Generative AI is a prosthetic not just for the material act of writing but for the writerly imagination.

Now, as the example of Clarkesworld shows, generative AI has moved such narratives out of the realm of fiction and into the day-to-day business of publishing. Despite some initial skepticism—some authors at the time reported hiding their use of word processors from their agents and editors—computers were quickly accepted as part of the writing life. Spell check, as well as more advanced tools like Grammarly and Final Draft—which help writers do everything from fine-tune their voice and argumentation to structure entire scenes—were similarly absorbed. But is ChatGPT a step too far toward word looms and word mills?

The author who foresaw this particular future most clearly may have been Damon Knight, who in 1973 published a story entitled “Down There” in a science fiction anthology edited by Robert Silverberg. It posits a writer-protagonist named Norbert who spends his days in front of a computer terminal in an anonymous grey cubicle. Norbert’s income is derived from syndicated sales of his short stories, which, with the aid of an IBM computer, he tosses off at the rate of one or two a day. His relationship with the machine is symbiotic: it offers him menus of plot archetypes and fictional settings, and it lets him look up factual details like the rules of the game jai alai. It also prompts Norbert with sentences, which he then edits and fine-tunes. The machine is good, but it needs Norbert’s touch. Confronted with an abrupt transition between events he leans forward to tap the screen with his light pen: “There was your computer for you every time, hopeless when it came to expanding an idea,” he mutters. Such observations ring true to us now, as we feel our way with tools like ChatGPT.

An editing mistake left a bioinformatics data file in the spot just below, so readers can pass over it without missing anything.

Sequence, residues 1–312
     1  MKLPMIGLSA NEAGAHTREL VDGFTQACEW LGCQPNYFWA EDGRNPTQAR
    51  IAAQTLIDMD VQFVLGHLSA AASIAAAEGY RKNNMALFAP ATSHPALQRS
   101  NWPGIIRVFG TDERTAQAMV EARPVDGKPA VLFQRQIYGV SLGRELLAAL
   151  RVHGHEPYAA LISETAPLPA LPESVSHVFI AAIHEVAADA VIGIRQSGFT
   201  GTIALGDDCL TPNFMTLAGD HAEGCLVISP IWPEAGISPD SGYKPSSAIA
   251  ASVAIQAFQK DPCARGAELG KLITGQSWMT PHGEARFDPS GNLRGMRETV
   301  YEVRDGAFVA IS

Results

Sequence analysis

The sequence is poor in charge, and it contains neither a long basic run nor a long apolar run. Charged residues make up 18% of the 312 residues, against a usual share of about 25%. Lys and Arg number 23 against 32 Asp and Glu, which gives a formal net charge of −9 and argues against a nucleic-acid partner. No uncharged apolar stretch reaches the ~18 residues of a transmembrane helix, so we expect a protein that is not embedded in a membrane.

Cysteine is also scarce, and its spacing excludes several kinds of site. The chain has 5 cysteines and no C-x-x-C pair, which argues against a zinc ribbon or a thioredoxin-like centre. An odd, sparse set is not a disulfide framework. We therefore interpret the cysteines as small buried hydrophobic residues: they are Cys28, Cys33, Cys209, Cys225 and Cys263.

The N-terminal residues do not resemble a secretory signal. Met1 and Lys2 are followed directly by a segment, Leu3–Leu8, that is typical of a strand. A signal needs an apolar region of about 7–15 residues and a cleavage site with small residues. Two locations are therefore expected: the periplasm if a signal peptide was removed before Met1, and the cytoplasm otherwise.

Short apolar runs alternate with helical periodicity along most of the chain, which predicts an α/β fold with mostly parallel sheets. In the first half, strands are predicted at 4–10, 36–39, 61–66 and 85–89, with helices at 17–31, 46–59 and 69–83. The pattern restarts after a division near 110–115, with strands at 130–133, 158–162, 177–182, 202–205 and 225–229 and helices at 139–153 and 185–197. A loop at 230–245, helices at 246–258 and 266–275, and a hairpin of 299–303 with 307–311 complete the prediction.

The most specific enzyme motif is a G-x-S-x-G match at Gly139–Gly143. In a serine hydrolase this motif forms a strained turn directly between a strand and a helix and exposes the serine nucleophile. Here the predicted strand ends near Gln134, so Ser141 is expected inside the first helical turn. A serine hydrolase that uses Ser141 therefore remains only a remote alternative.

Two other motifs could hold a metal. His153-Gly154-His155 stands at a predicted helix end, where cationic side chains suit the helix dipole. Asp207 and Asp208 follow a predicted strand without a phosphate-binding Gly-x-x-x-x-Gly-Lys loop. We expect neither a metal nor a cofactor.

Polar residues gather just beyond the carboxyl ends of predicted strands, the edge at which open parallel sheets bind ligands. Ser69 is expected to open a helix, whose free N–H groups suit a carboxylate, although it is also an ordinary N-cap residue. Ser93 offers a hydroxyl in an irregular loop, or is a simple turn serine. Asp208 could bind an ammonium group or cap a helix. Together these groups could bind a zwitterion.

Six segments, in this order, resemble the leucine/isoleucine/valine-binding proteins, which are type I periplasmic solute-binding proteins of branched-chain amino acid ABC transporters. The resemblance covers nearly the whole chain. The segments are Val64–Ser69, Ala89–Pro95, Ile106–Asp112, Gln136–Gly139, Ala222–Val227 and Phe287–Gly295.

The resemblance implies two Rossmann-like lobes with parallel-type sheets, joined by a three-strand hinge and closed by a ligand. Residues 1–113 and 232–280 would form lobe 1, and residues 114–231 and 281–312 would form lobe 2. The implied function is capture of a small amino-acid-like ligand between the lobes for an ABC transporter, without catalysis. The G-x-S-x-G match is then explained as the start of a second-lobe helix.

After a morning of this, Norbert calls it quits and Knight’s story changes abruptly in setting and mood. Norbert travels to a seedy portion of the city to visit a prostitute, only to discover his favored sex worker has left town. The soutener presents him with an alternate, an “olive-skinned almost Latin-looking woman,” “monstrous in a flowered house dress.” Her eyes are “evil, weary, and compassionate.” The door closes behind Norbert and the story ends.

At stake is not just the integrity of the written word, but also the conditions of labor under which it is produced.